Biodiversity & Conservation

Phymatolithon calcareum maerl beds with hydroids and echinoderms in deeper infralittoral clean gravel or coarse sand

SS.SMp.Mrl.Pcal.Nmix


IGS.Phy.Hec

Image Sarah Fowler - Maerl bed in Loch Gairloch, Highland. Image width ca 2 m in foreground.
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Distribution map

SS.SMp.Mrl.Pcal.Nmix recorded (dark blue bullet) and expected (light blue bullet) distribution in Britain and Ireland (see below)


  • EC_Habitats
  • UK_BAP
  • OSPAR

Recorded distribution in Britain and Ireland

Present at locations within the photic zone all along the west coast of Scotland, including the Western Isles, Orkney, and Shetland. The biotope is almost certainly present round the Isle of Man. Localised occurrences in southern England. Also Strangford Lough in Northern Ireland. The biotope has not yet been officially recorded from Ireland but is expected to be widespread but patchily distributed around the south and west.

Habitat preferences

Temperature range preferences - 10-20 °C.

Water clarity preferences - High clarity / Low turbidity
Very high clarity / Very low turbidity

Limiting Nutrients - Calcium

Other preferences - See additional information.

Additional information

Growth of Phymatolithon calcareum ceases at 5 degrees C and is optimal at 15 degrees C (typically higher than water temperatures found around the British Isles). Growth of Phymatolithon calcareum is impaired at salinities below 24 psu (King & Schramm, 1976) so the species is absent from areas with variable or reduced salinity. Distribution of maerl is dependent on several factors. Living maerl has poor tolerance of desiccation and so is typically found subtidally (Hall-Spencer, 1998). As a photosynthesising organism there is a requirement for light which restricts the species to depths shallower than 32m in the relatively turbid waters of northern Europe (Hall-Spencer, 1998). Some shelter from wave action is required to prevent physical damage, dispersal or burial although some degree of water movement is important to ensure that silt does not smother the maerl bed. King & Schramm, (1982) report that ionic calcium concentration is the main factor affecting growth of maerl in culture experiments rather than salinity per se (although this has not been shown in the field). Uptake of calcium carbonate occurs optimally at 30 psu.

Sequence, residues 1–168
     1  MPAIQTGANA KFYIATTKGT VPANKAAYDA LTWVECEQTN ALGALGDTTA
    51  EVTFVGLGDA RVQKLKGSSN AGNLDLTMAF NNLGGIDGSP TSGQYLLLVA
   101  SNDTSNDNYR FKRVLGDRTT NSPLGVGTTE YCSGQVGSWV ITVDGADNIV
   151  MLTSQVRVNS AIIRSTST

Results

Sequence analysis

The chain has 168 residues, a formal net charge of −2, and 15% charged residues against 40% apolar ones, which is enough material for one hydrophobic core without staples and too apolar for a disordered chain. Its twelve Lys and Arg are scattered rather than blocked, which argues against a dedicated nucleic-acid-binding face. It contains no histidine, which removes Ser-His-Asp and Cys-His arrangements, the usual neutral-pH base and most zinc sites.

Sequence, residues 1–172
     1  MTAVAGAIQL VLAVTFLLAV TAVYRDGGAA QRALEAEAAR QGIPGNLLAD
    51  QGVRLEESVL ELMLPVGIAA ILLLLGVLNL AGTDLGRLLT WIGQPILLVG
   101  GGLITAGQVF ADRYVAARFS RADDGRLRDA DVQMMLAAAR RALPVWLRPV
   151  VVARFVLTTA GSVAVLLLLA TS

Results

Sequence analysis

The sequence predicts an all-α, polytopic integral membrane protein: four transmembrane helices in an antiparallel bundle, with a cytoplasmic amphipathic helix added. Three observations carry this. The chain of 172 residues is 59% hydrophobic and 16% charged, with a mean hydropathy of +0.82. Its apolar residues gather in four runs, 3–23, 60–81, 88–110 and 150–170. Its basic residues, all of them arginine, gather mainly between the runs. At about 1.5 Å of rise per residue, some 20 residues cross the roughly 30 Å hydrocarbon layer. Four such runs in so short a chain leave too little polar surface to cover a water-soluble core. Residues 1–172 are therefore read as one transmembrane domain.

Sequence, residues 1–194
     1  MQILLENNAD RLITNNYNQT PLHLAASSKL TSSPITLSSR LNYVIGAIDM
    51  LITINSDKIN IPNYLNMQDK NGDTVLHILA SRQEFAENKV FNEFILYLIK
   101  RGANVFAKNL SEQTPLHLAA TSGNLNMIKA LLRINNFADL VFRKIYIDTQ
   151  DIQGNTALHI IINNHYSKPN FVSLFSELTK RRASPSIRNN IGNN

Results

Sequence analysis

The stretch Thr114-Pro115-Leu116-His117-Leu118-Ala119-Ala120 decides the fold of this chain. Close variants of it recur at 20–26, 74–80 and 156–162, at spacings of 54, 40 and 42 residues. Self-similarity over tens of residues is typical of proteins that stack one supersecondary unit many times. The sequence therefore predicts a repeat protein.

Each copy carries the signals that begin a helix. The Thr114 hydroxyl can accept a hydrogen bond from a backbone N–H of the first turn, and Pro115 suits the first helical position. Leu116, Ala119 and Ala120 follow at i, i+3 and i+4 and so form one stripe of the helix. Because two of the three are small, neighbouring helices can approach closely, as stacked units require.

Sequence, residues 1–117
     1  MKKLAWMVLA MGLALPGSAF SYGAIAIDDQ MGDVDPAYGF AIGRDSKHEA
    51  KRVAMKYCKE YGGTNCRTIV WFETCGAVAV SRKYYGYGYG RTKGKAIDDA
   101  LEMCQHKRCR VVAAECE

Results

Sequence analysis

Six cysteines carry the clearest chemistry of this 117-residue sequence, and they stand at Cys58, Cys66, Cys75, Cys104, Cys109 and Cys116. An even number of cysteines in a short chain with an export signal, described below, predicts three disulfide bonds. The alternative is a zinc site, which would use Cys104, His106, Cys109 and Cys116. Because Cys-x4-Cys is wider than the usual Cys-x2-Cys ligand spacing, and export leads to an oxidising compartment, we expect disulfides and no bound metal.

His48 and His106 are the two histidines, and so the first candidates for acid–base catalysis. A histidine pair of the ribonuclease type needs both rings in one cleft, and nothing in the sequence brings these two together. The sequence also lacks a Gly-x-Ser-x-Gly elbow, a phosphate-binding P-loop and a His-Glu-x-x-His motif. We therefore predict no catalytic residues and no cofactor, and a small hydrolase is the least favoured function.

This review can be cited as follows:

Jackson, A. 2006. Phymatolithon calcareum maerl beds with hydroids and echinoderms in deeper infralittoral clean gravel or coarse sand. Marine Life Information Network: Biology and Sensitivity Key Information Sub-programme [on-line]. Plymouth: Marine Biological Association of the United Kingdom. [cited 24/04/2014]. Available from: <http://www.marlin.ac.uk/habitatpreferences.php?habitatid=64&code=2004>